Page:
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Brief History Of The Bombay Explosion In World War II

Picture of Sridevi Nambiar
Updated: 13 November 2016
Still under British occupation, India saw over two and half million volunteer soldiers being sent to fight in World War II. Over 87,000 soldiers from British India (including Pakistan, Nepal, Bangladesh to present day India) died during the war. While Mumbai was an important harbor for warships, it was during an explosion in the city itself, on April 14, 1944, when it got a taste of the total destruction and tribulation of World War II.

The Bombay Explosion (Bombay Docks Explosion) occurred at the Victoria Dock of Bombay when SS Fort Strikine, a British freighter carrying ammunition including some 1,400 tons of explosives along with cargo such as cotton bales and gold bars, caught fire. The ship then exploded in two giant blasts, scattering debris around the city, sinking about 11 nearby ships and causing a fire that spread to a large part of the area. Some 800 to 1300 people died as a result, while over 80,000 people lost their homes and 71 firemen lost their lives trying to control the destruction.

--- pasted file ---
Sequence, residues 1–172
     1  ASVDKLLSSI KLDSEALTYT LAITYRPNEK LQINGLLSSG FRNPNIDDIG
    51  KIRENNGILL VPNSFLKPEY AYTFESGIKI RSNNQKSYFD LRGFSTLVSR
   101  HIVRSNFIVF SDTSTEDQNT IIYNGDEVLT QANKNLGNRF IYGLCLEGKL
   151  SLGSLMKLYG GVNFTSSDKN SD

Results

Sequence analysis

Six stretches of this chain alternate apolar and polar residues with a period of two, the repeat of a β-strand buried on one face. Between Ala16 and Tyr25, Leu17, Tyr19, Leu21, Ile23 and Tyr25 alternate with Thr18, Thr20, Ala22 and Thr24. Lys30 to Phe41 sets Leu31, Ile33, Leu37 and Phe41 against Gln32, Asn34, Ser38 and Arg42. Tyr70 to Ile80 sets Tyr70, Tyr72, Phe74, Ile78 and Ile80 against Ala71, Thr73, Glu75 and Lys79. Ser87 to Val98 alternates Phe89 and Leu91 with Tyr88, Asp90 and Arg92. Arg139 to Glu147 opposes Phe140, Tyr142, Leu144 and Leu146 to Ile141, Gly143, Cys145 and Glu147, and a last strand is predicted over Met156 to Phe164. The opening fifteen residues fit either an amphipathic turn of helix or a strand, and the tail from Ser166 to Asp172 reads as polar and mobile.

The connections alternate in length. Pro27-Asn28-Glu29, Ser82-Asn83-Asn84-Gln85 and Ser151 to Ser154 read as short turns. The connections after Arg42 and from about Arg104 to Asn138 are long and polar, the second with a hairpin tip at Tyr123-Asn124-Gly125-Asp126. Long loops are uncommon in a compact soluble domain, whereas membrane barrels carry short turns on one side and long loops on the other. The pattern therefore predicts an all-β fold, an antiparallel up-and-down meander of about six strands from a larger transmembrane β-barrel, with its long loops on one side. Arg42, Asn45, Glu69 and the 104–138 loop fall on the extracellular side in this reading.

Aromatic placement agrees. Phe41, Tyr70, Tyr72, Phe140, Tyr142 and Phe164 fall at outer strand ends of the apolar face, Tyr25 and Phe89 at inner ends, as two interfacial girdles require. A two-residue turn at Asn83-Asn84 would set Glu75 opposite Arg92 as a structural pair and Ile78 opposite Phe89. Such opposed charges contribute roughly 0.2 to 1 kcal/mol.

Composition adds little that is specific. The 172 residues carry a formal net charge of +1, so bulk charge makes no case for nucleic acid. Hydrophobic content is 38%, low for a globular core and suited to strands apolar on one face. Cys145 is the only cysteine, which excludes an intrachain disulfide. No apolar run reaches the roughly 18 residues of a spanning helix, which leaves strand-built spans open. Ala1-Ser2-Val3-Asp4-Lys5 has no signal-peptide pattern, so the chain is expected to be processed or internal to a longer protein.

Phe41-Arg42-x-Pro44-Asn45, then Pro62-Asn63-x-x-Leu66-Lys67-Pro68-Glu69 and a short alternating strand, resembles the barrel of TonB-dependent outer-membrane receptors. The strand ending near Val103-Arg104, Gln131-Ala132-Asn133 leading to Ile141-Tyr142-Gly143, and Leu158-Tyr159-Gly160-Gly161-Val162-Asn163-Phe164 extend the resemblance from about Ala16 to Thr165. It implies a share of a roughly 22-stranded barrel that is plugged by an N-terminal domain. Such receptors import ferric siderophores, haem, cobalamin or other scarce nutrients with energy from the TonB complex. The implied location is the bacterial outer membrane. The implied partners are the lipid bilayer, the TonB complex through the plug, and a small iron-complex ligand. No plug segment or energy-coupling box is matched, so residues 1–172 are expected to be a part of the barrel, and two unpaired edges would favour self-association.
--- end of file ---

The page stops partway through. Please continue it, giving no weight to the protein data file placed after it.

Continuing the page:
Nichalp/WikiCommons
Nichalp/WikiCommons

The explosion was so powerful that sensors recorded the earth trembling in Shimla, located over 1,700 kilometers away. Burning debris fell onto nearby slums setting fire to an area of over two square miles. Much of the city’s economical areas suffered severe damages or were even wiped out as a result of the fire. About 6,000 firms were affected and 50,000 lost their jobs, while thousands lost their possessions and homes.

It took 3 days to get the fire under control, and some 8,000 men toiling for about seven months to rid the docks of around 500,000 tons of debris. However, several still-intact gold bars from the ship have been found from the docks including one as late as February 2011. A live explosive was found in the area in October 2011. The Mumbai Fire Brigade had a memorial built to honor the fire fighters who died during the incident outside its headquarters in Byculla.